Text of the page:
So here we go.

Test #1 – Intersect with a face above the base face.
(Note: “base face” refers to the face that the features are attached to previous to the move.)

CC – The move works as expected.
SC – The move works as expected.
ST – The hole and pocket do not extend above the base face.
(Note: The term “as expected” refers to MY expectations, you may have other expectations)

Test #2 – Step up to a higher face.

CC – The move worked as expected.
SC – The move worked as expected.
ST – The move worked as expected.

Test #3 – Intersect with a taller face and a face that is lower than the orginal base face.

CC – The move worked as expected.
SC – The hole did not extend above the base face. This move was order dependent. If I moved the boss first then the hole, the part would look as displayed, if I moved the hole first then the boss, much of the part would be trimmed away. There is some strange interaction between the features.
ST – The boss would not extend to the lower face. If I moved it even another .1mm it would extend.

Test #4 – Intersects with a face that is lower than the base face, and lower than the bottom of the pocket.

CC – The move worked as expected.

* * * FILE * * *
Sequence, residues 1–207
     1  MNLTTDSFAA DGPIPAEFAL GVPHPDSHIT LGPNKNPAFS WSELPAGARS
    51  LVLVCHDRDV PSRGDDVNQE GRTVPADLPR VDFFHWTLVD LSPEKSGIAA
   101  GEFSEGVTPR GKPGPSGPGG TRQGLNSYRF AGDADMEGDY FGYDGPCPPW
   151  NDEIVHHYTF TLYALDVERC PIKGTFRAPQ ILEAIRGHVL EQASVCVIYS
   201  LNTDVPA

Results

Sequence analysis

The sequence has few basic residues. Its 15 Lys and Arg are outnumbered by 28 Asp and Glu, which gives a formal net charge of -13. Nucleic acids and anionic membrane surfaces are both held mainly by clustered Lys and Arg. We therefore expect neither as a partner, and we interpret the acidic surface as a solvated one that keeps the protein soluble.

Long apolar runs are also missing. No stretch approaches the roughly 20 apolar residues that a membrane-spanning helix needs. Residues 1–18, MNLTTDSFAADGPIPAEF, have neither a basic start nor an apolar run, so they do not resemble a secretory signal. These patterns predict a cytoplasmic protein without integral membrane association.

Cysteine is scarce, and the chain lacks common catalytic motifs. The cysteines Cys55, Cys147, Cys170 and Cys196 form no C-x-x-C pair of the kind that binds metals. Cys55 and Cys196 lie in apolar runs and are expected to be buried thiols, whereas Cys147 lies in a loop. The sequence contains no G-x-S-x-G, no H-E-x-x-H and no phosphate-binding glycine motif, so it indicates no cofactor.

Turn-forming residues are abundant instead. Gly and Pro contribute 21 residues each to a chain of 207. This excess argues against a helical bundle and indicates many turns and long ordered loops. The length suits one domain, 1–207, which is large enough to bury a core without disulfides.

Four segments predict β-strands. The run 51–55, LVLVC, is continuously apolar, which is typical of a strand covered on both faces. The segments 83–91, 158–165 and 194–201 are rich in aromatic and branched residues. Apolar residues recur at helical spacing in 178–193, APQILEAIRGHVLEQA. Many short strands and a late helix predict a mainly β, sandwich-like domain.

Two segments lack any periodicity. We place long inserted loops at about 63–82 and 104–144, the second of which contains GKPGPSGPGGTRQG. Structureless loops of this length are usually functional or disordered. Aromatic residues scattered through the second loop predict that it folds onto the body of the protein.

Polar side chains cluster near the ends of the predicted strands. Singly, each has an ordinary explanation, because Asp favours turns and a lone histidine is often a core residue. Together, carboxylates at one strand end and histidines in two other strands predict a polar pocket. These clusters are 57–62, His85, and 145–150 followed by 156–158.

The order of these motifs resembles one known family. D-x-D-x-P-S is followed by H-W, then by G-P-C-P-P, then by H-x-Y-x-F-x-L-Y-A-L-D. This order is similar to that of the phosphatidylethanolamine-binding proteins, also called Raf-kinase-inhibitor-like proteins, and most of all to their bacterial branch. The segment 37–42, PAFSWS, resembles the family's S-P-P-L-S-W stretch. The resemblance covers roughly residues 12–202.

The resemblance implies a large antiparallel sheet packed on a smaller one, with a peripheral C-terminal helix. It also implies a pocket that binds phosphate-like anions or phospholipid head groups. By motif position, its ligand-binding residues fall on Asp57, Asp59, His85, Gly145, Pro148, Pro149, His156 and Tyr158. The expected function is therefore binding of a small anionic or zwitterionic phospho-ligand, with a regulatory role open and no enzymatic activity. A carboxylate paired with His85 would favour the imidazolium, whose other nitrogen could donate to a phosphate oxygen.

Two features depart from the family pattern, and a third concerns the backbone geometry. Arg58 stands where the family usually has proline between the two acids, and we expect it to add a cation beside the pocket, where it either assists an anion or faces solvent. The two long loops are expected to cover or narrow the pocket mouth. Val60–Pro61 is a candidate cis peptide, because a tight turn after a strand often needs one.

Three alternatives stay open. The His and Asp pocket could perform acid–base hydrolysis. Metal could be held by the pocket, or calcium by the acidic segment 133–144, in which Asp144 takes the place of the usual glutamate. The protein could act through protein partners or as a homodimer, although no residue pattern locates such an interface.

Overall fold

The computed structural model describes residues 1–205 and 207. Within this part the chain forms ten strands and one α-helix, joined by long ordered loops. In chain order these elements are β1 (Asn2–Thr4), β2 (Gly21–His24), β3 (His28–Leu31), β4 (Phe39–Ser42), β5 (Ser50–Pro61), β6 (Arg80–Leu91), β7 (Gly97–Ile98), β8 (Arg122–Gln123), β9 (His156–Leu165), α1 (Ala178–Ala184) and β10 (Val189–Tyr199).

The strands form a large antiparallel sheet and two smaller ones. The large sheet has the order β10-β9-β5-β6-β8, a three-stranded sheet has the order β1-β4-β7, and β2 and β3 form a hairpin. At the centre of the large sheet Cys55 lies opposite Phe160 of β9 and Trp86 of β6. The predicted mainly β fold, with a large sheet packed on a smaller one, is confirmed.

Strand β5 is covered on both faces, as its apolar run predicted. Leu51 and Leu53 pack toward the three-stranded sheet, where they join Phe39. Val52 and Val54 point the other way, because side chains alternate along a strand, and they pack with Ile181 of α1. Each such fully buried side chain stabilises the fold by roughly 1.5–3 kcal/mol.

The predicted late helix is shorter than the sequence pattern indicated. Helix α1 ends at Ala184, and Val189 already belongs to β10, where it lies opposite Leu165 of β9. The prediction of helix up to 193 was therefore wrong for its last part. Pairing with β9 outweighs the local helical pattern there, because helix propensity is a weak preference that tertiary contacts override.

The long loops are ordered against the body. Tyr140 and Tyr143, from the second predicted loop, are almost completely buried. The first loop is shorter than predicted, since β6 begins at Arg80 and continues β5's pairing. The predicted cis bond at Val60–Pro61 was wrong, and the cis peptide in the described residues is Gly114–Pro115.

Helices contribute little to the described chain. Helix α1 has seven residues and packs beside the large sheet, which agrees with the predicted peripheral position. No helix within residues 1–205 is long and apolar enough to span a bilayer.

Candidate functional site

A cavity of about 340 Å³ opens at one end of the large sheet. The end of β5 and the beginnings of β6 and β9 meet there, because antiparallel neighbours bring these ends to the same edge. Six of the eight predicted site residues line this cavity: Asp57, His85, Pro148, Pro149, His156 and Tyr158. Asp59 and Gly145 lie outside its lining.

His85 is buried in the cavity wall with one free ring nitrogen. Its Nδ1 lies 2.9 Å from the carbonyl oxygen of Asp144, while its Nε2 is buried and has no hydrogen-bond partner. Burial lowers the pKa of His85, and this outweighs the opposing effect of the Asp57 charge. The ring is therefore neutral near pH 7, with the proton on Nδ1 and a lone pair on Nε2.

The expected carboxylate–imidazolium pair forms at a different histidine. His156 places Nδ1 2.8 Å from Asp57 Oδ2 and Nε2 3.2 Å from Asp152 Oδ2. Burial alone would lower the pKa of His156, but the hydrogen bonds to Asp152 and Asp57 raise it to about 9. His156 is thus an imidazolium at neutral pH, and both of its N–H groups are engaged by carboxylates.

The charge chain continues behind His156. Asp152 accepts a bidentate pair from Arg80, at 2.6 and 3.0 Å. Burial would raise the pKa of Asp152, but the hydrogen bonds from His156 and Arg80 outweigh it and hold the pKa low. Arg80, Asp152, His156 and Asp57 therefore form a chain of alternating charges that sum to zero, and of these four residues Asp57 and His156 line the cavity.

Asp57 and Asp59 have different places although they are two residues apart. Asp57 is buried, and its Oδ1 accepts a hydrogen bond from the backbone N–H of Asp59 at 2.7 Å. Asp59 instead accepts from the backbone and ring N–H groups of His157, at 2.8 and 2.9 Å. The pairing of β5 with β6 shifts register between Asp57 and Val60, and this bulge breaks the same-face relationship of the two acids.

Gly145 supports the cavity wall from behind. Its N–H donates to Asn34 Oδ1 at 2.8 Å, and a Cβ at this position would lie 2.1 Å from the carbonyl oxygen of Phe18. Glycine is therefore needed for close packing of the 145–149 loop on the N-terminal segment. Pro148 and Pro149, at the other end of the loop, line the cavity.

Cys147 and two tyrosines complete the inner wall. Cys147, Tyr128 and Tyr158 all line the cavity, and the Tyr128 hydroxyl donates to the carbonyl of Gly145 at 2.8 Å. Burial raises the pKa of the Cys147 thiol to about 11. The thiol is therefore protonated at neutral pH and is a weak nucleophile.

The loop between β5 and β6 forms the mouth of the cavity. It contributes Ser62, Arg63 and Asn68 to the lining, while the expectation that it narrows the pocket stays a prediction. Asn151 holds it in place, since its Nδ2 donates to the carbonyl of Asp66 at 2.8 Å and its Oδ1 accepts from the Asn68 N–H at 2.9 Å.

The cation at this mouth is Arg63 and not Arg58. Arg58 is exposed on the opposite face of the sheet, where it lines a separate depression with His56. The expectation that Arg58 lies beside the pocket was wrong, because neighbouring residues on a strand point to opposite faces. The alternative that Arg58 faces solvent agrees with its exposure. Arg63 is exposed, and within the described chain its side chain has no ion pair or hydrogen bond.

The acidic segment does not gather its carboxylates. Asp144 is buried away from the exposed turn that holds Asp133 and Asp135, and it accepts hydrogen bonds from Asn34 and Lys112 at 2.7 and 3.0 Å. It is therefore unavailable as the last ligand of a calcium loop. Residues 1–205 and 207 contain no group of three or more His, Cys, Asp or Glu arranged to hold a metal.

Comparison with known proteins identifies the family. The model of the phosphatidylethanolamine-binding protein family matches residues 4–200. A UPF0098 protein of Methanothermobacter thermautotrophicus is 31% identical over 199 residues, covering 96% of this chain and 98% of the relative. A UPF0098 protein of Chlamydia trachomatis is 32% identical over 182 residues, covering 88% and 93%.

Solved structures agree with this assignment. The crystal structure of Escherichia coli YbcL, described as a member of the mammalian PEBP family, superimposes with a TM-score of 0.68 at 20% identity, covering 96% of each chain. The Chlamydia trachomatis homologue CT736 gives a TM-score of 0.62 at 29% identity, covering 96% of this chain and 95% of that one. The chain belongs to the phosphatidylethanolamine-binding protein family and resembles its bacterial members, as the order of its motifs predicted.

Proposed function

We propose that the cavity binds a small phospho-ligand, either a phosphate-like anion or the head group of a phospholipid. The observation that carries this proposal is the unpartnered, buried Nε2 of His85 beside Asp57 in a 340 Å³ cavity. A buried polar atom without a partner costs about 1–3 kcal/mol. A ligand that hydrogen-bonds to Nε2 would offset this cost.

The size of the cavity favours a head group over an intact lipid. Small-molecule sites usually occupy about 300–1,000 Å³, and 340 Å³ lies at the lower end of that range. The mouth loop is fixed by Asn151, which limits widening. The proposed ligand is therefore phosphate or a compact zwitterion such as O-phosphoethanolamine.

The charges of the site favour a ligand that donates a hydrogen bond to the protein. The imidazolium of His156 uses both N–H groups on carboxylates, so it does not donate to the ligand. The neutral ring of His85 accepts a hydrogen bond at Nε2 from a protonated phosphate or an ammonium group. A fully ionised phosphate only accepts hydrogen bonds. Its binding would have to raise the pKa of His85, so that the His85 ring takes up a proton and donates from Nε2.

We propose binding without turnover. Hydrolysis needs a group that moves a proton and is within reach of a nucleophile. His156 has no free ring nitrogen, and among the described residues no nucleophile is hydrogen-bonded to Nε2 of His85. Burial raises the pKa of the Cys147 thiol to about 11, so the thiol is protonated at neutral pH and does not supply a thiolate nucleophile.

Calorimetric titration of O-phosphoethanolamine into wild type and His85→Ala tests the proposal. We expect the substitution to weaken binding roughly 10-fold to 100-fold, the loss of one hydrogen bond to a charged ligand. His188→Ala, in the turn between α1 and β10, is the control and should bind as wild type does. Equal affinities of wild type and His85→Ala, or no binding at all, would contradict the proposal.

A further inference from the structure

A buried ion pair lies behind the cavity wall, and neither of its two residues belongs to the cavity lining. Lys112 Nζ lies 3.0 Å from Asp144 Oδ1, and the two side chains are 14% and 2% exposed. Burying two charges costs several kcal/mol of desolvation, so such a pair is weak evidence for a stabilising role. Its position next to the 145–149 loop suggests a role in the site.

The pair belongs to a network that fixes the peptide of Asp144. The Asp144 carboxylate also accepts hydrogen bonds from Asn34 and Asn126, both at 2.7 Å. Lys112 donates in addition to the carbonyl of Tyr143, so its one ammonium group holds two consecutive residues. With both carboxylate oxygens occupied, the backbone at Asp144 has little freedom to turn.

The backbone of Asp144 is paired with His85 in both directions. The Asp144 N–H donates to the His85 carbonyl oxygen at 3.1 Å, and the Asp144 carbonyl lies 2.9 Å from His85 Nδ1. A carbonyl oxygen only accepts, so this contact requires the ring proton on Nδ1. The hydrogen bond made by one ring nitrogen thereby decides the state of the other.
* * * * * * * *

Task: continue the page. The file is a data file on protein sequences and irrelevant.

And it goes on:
SC – The move worked as expected.
ST – The move worked as expected.

Test #5 - Intersects with a higher edge and two faces.

CC – The move works as expected.
SC – Neither the hole or pocket would move to the desired location.
ST – The move works as expected.

Test #6 – Intersects with a lower edge and two faces. (The edge is at the same depth as the pocket)

CC – The move works as expected.
SC – Pocket and hole would move, but not the boss. Opposite of test #5.
ST – Pocket did not extend into left side of groove.

Test #7 – Intersects with a face that tapers from below to above the base face.

CC – The move works as expected.
SC – The move works as expected.
ST – The move works as expected.

Test #8 – Intersects with top shelf and a bottom face that is below base face.

CC – The move works as expected.
SC – The move works as expected, although I had to move the features in a particular order otherwise I would get the results in the smaller image.
ST – Pocket and hole moved good but I could not get the boss to move into the top faces.

Test #9 – Intersect with a thin wall. The bottom face is below the base face.

CC – The move works as expected.
SC – Boss worked well, but the hole and pocket extended through the sides of the shelves. I had to move the boss first otherwise much of the part was trimmed away.
ST – I could move the boss, but it would only extend into the lower right side of the wall. I could not move the hole or pocket.

Test #10 – Intersects with mid-shelf. The bottom face is below the base face.

CC – The boss extends through the top side of the shelf. The hole and pocket do not extend into the shelf. (If I select individual faces rather than a recognized feature, the hole and pocket will extend into the shelf.)
SC – The boss extends through both sides of the shelf. The hole and pocket do not extend into the shelf.
ST – The hole and pocket move ok but the boss will not move off the wall.

(not sure if CC or SC is right. I will give it to SC as it can often be easier to remove geometry than add)

Test #11 – Intersects with an angled wall.

CC – The boss extends through the top side of the wall.